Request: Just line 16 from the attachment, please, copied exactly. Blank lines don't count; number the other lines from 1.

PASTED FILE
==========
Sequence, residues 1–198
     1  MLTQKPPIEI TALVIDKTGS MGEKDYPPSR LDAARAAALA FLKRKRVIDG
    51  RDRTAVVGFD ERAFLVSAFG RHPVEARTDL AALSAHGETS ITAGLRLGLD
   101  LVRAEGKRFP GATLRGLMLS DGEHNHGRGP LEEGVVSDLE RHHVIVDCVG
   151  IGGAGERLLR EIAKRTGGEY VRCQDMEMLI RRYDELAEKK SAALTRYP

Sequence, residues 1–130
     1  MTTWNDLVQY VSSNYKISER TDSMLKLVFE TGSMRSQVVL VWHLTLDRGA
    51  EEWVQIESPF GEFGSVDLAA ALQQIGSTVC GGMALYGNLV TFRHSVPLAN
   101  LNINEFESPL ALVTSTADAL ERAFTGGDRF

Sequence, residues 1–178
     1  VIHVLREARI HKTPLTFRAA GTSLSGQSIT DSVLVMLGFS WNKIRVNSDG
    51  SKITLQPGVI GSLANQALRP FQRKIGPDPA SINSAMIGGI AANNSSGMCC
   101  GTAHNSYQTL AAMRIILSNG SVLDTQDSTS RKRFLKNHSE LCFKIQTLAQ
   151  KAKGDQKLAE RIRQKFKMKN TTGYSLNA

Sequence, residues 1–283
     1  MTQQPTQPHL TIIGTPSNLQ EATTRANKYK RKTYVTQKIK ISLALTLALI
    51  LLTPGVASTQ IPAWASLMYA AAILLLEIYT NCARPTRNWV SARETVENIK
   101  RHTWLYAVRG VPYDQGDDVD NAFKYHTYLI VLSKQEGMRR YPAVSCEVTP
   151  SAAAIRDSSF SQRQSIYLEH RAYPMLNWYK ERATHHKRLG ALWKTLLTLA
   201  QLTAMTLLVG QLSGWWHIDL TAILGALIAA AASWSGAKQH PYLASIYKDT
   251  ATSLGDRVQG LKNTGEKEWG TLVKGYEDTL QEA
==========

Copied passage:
     1  MTQQPTQPHL TIIGTPSNLQ EATTRANKYK RKTYVTQKIK ISLALTLALI